Melting down the bells
KARL MARX famously defined religion as “the opiate of the people,” a kind of Prozac for the proletariat. Lenin called religious ideas “unutterable vileness … of the most dangerous kind.” The result? Overall a policy of unremitting hostility toward the Russian Orthodox Church under Lenin and Stalin, occasionally tempered for pragmatic reasons.
Just prior to World War I, the Russian Orthodox Church boasted 100,000,000 members, more than 54,000 churches, 57,000 priests and deacons, 1,500 monasteries, 95,000 monks and nuns, and extensive state and private support. It had been dominated by the tsars since 1721, when Peter the Great had replaced the patriarch (head of the church) with a synod. Shortly after the Bolshevik coup in November 1917, the patriarchate was restored, but with Lenin’s accession to power, everything changed. Through the nationalization of all land in Russia, the church lost its property and its legal status. Priests were disenfranchised, religious instruction in schools prohibited, and church marriages and divorces lost legal recognition. In 1921 group religious instruction of anyone under 18 was banned, and in 1922 all gold and silver objects and precious stones were confiscated from churches, ostensibly for famine relief.
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Many church leaders were charged with counter-revolutionary activities for protesting these outrages. Beginning with Tikhon, the new patriarch, thousands were imprisoned or executed. The Soviets attempted to split the church through the Living Church movement (which failed) and did not allow a new patriarch to be elected when Tikhon died in 1925.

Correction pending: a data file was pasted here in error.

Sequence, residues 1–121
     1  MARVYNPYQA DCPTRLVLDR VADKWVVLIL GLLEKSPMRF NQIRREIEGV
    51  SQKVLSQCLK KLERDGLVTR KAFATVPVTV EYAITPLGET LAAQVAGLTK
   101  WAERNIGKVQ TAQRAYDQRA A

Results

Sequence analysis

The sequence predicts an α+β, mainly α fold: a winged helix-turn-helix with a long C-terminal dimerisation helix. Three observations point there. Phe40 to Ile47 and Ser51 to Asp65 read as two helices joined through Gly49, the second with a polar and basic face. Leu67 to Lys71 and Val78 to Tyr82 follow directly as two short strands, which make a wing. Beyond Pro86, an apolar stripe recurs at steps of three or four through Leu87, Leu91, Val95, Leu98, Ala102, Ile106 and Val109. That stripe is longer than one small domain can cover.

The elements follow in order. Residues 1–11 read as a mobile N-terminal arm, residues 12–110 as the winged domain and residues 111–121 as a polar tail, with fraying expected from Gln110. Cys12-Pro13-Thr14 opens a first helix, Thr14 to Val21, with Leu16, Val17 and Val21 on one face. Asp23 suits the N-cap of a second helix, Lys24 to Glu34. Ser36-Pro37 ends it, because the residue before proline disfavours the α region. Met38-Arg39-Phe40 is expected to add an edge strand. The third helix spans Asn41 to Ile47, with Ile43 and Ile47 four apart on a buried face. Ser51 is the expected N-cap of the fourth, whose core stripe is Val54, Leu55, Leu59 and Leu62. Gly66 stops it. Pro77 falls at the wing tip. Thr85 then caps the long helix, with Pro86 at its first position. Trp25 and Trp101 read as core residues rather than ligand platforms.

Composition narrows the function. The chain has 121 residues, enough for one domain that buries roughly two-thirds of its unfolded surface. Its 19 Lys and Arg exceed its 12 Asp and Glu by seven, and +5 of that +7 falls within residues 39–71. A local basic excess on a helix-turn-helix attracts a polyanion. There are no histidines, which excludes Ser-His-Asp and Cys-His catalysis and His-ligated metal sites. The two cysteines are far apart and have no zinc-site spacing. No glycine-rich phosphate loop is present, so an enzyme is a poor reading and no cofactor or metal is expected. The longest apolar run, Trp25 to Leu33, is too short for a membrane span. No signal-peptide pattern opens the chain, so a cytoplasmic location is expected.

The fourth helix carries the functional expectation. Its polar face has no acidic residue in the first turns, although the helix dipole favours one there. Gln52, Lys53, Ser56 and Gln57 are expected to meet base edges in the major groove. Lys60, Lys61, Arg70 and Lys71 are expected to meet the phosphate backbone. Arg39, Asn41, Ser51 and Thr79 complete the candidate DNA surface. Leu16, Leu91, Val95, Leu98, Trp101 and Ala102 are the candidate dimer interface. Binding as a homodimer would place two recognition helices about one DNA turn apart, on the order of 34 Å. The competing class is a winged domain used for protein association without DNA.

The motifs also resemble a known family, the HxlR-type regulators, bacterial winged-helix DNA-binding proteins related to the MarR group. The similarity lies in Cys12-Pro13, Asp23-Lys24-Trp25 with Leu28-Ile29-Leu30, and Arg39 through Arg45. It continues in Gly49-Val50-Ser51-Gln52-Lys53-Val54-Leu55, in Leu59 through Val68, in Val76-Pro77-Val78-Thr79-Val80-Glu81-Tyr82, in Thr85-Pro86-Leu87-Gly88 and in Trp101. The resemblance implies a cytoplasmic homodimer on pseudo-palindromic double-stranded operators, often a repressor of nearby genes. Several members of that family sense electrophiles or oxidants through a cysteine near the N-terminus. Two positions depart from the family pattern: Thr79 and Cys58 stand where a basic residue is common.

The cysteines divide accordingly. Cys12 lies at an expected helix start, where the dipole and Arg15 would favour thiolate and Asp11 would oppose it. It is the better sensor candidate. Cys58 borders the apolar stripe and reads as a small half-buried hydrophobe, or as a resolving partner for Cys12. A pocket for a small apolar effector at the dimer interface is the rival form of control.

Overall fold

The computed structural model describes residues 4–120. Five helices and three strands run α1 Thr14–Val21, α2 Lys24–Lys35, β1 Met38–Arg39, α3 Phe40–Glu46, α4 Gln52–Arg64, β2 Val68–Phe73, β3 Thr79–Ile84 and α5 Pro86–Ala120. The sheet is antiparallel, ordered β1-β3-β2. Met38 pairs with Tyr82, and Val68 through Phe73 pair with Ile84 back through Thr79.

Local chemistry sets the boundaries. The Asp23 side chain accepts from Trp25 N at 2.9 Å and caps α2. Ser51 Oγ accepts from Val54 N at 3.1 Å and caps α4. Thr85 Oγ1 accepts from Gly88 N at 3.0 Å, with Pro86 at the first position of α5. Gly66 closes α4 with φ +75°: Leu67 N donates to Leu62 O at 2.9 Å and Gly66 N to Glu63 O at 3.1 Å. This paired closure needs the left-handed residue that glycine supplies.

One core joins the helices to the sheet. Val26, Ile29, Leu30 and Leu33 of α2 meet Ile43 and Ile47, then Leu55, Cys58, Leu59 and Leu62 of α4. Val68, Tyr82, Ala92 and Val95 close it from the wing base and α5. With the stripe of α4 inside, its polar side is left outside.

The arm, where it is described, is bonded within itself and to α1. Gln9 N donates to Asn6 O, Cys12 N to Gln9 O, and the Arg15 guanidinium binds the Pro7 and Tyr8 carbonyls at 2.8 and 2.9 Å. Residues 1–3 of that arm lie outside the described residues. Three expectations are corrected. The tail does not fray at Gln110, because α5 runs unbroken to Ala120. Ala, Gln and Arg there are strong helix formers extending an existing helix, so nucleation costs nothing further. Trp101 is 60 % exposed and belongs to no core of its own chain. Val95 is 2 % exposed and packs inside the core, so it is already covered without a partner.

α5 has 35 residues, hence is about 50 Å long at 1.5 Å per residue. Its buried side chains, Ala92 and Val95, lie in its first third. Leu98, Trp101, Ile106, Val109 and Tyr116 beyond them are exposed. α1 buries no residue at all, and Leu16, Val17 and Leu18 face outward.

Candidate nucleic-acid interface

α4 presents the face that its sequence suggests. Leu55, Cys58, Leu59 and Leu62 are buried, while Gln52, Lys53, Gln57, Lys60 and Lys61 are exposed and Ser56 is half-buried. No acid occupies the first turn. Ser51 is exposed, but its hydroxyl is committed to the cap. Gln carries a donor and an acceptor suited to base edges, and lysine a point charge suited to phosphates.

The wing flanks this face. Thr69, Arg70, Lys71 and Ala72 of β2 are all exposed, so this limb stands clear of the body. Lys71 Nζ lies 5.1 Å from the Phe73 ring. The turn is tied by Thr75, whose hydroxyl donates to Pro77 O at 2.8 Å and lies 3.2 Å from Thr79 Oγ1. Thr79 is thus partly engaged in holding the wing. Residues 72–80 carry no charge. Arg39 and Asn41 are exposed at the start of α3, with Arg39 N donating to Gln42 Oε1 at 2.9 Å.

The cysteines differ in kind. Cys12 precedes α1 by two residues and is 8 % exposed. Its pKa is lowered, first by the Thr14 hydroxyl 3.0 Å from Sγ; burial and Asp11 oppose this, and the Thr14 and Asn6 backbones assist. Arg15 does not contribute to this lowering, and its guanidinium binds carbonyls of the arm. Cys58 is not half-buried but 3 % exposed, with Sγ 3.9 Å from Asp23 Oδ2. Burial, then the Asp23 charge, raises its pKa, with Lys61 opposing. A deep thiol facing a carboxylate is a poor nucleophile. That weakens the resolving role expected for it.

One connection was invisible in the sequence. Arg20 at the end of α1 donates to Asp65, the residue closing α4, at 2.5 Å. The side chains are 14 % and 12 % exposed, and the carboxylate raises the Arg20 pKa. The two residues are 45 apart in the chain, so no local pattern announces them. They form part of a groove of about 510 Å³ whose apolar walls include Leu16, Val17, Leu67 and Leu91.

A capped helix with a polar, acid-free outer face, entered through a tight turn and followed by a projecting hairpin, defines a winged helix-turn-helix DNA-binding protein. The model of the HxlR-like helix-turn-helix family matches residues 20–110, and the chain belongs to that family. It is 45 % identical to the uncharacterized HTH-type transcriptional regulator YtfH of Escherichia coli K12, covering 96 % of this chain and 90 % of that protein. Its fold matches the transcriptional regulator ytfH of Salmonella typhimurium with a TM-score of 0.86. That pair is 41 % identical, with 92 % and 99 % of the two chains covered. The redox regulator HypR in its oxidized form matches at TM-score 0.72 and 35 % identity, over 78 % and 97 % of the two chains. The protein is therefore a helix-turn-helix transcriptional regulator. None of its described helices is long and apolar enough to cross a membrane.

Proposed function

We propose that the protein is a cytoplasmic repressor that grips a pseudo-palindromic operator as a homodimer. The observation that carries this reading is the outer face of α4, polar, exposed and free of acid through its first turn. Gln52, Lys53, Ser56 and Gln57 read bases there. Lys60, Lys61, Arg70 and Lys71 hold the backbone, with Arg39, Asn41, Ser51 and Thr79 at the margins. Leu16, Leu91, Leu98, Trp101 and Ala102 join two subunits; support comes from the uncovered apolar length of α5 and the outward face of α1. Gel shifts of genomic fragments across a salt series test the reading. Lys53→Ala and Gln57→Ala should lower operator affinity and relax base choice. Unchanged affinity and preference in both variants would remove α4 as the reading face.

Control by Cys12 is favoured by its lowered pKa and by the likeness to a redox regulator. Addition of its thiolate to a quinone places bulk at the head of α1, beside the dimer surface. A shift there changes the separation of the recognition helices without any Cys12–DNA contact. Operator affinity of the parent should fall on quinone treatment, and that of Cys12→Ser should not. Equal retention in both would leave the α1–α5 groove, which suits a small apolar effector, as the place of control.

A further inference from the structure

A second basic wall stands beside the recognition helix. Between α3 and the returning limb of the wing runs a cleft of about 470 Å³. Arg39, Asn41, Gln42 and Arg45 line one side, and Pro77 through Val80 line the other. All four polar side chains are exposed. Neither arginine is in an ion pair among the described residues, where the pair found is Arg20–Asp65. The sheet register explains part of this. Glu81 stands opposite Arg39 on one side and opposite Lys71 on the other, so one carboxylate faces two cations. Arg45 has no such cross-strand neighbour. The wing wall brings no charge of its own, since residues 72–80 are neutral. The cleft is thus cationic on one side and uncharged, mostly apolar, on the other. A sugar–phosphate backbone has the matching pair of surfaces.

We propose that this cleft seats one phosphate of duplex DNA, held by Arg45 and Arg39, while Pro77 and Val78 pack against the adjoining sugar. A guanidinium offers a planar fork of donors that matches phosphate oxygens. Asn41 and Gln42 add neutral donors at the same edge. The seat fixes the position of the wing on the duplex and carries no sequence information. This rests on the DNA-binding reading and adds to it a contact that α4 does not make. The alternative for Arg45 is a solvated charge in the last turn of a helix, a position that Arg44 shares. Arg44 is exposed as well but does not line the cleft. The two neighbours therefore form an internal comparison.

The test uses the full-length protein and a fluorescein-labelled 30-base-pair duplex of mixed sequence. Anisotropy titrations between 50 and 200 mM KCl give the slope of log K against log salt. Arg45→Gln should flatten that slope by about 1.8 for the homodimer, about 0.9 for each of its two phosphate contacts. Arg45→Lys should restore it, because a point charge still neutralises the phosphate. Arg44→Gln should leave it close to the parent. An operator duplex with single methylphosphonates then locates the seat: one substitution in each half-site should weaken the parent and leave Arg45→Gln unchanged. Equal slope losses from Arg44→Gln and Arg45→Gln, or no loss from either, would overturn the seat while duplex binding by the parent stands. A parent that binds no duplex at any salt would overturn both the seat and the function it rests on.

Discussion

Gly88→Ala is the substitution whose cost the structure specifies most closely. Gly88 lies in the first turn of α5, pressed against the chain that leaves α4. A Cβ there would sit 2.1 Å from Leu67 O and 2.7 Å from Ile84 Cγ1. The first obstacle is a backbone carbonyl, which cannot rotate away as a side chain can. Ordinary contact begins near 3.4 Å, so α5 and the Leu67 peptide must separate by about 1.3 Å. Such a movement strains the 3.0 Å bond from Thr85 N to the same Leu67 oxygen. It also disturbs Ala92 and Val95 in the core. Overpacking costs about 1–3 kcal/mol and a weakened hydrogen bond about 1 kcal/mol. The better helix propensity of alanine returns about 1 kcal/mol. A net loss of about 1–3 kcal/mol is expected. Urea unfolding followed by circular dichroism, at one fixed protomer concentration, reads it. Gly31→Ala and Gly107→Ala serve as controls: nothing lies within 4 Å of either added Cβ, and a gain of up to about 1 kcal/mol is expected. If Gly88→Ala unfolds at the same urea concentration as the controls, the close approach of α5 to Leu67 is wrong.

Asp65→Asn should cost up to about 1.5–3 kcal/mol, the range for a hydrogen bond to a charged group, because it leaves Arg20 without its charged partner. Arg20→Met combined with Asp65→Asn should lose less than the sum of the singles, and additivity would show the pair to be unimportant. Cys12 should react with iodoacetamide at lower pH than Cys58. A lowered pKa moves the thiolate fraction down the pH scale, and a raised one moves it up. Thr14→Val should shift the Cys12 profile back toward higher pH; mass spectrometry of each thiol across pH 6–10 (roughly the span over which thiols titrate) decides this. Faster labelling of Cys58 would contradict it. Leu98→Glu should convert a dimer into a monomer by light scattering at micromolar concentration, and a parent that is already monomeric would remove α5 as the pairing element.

There are still Christians here
After Stalin came to power, emphasis shifted to atheist propaganda, leading to the formation of the League of Militant Atheists. Labor unions, youth groups, schools, workplaces, and the military all promoted antireligious activities. In 1927 Metropolitan Sergius, deputy acting patriarch, accepted Soviet authority over the church and collaborated with the regime to deny any persecution, even while mass closings of churches and arrests and executions of priests and believers escalated.
The Russian Orthodox Church was left with only 4,200 churches, 8,700 priests and deacons, and 38 monasteries by June of 1941. The 1937 USSR census was suppressed, partly because it reportedly showed an unacceptably large number of Christian believers.
Nazi Germany’s invasion of the Soviet Union on June 22, 1941, marked a turning point. Sergius sent a message to his parishes reminding them of their patriotic duty: “The Church of Christ blesses all the Orthodox defending the sacred frontiers of our Motherland. The Lord will grant us victory.” The church made major contributions to Russian morale and war efforts. As a result the government curtailed antireligious policies, and the League of Militant Atheists vanished. At Easter 1942 the Moscow curfew was lifted to allow midnight services. In 1943 election of Sergius as patriarch was allowed, and the church was recognized and permitted to publish a journal, open theological institutes, and resume religious instruction of children.
The war led to revival. By 1947 there were 22,000 churches, 33,000 priests and deacons, and 80 monasteries, a far cry from 1914, but considerably more than in 1941. Churches once again could acquire religious objects, build or rent facilities, receive assistance in repairs and rebuilding, and avoid taxation on monastic lands and buildings. The honeymoon lasted through Stalin’s death in 1953.
This article is from Christian History magazine #121 Faith in the Foxholes. Read it in context here!
By Paul E. Michelson
[Christian History originally published this article in Christian History Issue #121 in 2017]
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